IC Bus

IC Bus
Subsidiary of Navistar International
Industry Manufacturing (Transportation)
Founded 2002 (as IC Corporation)
Headquarters 2601 Navistar Dr
Lisle, Illinois 60532
Number of locations


Area served
North America
Key people
John McKinney, President
Parent Navistar International

IC Bus is an American bus manufacturer headquartered in Lisle, Illinois. A wholly owned subsidiary of Navistar International Corporation, IC specializes in school buses and multi-function school activity buses (MFSABs). In addition, the company produces shuttle buses, and commercial transit buses derived from their school bus designs.

The company was established in 2002 as Navistar reorganized its subsidiary bus manufacturer American Transportation Corporation (AmTran). Through AmTran, IC traces its roots back to the 1933 founding of Ward Body Works in Conway, Arkansas.

The IC company name is an abbreviation of Integrated Coach (previously Chassis), alluding to the single corporate structure (Navistar International) that produces the bus body, chassis, and much of the powertrain. All buses are produced with Navistar International chassis and engines (the latter, prior to 2015), and all bodies are produced at the IC manufacturing facility in Tulsa, Oklahoma.


Main articles: Ward Body Works and AmTran
File:St Marys Star of the Sea School Bus.jpg
Ward-body conventional with an early 1960s GMC 4000 chassis
File:Children about to board the school bus (Thibodaux, Louisiana).jpg
2001-2002 International IC (AmTran) conventional

The body manufacturing operations of IC Bus trace their origin to 1933 in Conway, Arkansas. Blacksmith D.H. "Dave" Ward entered school bus production when he "lowered the roof of a wooden bus for Mr. Carl Brady of the Southside Schools"; the same year, Ward Body Works became one of the first school bus manufacturers to produce a school bus with an all-steel body.[1][2] Following the era after World War II, Ward would become one of the largest manufacturers of school bus bodies in North America, employing up to 1200 workers at its peak. [2] During the 1960s, Ward was responsible for notable innovations including the use of computers in manufacturing (using IBM 360s), rollover testing, and various manufacturing process improvements.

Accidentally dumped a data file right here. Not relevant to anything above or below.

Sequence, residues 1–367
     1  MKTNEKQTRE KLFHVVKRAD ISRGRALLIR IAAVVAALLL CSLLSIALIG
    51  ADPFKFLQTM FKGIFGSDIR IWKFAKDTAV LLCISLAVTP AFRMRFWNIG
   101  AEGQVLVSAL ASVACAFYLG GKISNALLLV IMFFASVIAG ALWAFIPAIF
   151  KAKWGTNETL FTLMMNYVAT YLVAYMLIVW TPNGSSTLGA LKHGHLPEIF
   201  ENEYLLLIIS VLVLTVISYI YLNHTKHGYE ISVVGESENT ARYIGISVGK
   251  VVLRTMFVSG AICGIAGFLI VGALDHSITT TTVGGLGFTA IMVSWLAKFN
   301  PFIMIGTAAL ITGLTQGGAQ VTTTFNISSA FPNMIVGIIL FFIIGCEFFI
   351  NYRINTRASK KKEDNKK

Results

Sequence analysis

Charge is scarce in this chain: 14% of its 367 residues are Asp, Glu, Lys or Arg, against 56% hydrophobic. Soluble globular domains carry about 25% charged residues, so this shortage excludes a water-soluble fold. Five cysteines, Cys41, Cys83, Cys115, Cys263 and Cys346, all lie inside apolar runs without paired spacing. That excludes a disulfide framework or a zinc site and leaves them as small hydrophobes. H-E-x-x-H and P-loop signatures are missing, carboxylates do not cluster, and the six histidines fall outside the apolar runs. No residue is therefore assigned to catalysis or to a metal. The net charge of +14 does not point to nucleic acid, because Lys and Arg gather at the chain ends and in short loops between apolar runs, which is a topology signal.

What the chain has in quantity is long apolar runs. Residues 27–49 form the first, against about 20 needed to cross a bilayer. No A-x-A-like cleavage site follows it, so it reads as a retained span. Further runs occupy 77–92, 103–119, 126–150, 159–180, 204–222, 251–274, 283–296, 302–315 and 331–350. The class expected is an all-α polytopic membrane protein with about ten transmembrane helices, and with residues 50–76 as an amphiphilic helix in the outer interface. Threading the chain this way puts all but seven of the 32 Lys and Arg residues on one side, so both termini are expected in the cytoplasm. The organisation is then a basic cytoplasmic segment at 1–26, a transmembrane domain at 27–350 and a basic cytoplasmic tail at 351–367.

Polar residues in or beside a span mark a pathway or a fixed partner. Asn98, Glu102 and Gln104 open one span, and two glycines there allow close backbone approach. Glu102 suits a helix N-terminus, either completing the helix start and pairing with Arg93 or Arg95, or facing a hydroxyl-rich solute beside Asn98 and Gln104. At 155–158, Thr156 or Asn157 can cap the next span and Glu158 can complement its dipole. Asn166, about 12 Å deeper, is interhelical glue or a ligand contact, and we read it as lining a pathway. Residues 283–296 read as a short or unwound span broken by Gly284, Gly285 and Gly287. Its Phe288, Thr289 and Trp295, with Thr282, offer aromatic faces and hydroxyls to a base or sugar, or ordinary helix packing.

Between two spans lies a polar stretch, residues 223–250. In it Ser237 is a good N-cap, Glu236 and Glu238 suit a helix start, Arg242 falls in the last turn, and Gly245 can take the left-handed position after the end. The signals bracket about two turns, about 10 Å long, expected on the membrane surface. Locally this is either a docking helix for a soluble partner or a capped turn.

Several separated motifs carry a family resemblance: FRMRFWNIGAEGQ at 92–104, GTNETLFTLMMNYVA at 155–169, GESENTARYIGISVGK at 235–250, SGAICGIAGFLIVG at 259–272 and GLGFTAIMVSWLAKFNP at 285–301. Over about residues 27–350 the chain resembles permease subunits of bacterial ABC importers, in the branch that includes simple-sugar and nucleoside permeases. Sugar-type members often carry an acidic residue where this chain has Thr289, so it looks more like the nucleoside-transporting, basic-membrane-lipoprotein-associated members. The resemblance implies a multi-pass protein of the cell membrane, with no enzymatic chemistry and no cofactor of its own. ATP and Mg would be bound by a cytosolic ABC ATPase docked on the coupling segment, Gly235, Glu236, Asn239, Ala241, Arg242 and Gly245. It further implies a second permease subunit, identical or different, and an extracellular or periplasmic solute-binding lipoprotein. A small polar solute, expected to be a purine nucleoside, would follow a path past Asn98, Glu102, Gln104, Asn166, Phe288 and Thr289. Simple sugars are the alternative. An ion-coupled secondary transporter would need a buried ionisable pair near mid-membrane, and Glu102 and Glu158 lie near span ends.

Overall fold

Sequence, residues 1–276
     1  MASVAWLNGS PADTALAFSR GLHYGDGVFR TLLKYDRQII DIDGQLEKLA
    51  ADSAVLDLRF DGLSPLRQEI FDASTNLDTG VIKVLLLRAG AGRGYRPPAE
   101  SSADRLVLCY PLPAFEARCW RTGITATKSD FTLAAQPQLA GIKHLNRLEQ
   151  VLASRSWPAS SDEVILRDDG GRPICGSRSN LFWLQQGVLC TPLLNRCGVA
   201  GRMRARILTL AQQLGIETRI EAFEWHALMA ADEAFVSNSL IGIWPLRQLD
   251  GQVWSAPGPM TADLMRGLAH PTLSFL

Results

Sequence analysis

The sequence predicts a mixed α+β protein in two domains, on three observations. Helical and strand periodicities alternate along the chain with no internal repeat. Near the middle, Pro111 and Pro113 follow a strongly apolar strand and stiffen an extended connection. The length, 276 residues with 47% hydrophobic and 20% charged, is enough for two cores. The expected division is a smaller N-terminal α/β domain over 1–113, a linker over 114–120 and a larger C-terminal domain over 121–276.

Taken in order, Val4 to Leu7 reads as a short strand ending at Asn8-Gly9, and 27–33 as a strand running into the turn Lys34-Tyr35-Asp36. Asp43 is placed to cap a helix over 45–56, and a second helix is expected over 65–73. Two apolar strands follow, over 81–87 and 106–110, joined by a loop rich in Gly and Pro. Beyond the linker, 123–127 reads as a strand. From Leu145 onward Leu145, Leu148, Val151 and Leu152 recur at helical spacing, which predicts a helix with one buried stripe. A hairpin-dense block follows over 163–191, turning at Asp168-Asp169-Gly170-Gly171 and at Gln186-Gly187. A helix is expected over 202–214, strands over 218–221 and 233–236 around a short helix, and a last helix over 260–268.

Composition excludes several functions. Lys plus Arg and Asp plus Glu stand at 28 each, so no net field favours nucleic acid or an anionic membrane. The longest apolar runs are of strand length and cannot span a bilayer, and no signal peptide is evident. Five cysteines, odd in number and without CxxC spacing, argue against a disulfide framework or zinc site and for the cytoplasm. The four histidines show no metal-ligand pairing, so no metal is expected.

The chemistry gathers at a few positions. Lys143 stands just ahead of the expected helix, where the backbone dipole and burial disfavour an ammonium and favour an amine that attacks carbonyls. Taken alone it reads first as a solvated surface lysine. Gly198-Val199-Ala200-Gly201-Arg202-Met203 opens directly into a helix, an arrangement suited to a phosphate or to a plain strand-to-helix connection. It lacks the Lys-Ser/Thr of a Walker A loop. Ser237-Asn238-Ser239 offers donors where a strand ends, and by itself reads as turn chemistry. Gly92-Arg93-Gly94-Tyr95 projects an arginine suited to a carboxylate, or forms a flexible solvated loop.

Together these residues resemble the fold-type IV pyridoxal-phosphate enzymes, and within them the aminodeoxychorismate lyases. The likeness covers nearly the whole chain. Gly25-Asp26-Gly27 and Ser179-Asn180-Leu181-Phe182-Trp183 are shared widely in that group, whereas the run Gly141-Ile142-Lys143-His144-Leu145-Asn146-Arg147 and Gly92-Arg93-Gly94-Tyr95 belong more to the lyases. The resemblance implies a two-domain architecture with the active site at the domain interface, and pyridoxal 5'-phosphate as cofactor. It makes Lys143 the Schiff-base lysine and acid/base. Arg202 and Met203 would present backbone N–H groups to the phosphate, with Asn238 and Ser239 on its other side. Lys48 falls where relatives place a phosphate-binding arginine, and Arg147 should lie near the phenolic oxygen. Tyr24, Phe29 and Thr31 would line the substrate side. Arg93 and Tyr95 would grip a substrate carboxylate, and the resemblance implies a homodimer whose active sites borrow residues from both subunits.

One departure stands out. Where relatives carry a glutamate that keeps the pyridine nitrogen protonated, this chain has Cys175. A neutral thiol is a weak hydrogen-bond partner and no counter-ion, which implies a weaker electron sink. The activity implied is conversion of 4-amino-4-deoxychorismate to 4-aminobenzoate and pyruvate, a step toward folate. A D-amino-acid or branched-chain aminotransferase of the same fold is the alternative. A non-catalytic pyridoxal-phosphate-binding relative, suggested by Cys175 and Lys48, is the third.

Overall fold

During the 1970s, the company fell on hard times. In 1975, a newly opened production facility in Beaver Falls, Pennsylvania was forced to close due to slowing sales. In 1976, Ward produced a prototype front-wheel drive transit-style school bus that did not enter production. In the late 1970s, as student populations declined, overall demand for school buses fell; the company filed for bankruptcy; the Ward plant was closed in July 1980.[1]

To restore bus production in Arkansas, an investment group coordinated was formed with help by then-Governor Bill Clinton to purchase the assets of Ward Industries.[1] While the Ward name would remain in place on the school buses themselves, the newly christened company was now American Transportation Corporation (AmTran). In 1991, one-third of AmTran was purchased by its largest chassis supplier, Navistar International. During 1992, the Ward name began to disappear from AmTran-bodied buses. In 1995, the remaining two-thirds of the company was purchased by Navistar, becoming the first body manufacturer to be acquired by a chassis supplier.

In 1999, AmTran announced plans to build a new facility in Tulsa, Oklahoma to build conventional buses. Rebranded from AmTran CS to International IC, the company would eventually adopt the IC name entirely in 2002.[1]


In 2000, AmTran replaced its CS conventional school bus with the IC school bus. While still based on the long-running International 3800, the IC featured a larger windshield and redesigned drivers compartment. To distinguish it from other International-based school buses, the IC wore its own grille design and hood badging. An acronym standing for Integrated Coach (although "C" also interchanged with "chassis"), this model emphasized how Navistar produced nearly the entire vehicle (body, chassis, and engine) under a single corporate entity. After 2000, AmTran became International Truck and Bus, with the school buses being badged as Internationals. For 2002, International Truck and Bus was changed to IC Corporation. After a slight update, the IC bus became the IC CE, bringing its nomenclature in line with the FE and RE Type D buses.

Product Changes

For 2005, coinciding with the introduction of the International 3300, the first all-new conventional school bus chassis by International since 1979, IC updated the body of the CE with a modernized drivers compartment and a larger dashboard; a number of controls were integrated into the steering wheel. To streamline production, the roofcaps of the CE were added to the FE and RE-Series; the high-headroom version of the RE-Series became standard.

Unlike its competitors, IC and its Ward/AmTran predecessors owned relatively little market share outside of yellow school bus production; to expand into new markets, IC introduced two new product ranges for 2006. Based on a cutaway cab version of the International Durastar, the HC-Series was a range of shuttle buses while the LC-Series was a low-floor bus aimed at paratransit customers. To further reach into the school bus market, IC introduced the BE-Series, a low-GVWR version of the CE. While nearly based entirely on the CE-Series, the BE was designed as an alternative for buses based on cutaway vans; it was marketed towards operators transporting young children and special-needs students. Unlike van-based school buses, the BE was designed with a flat floor without rear wheelwells.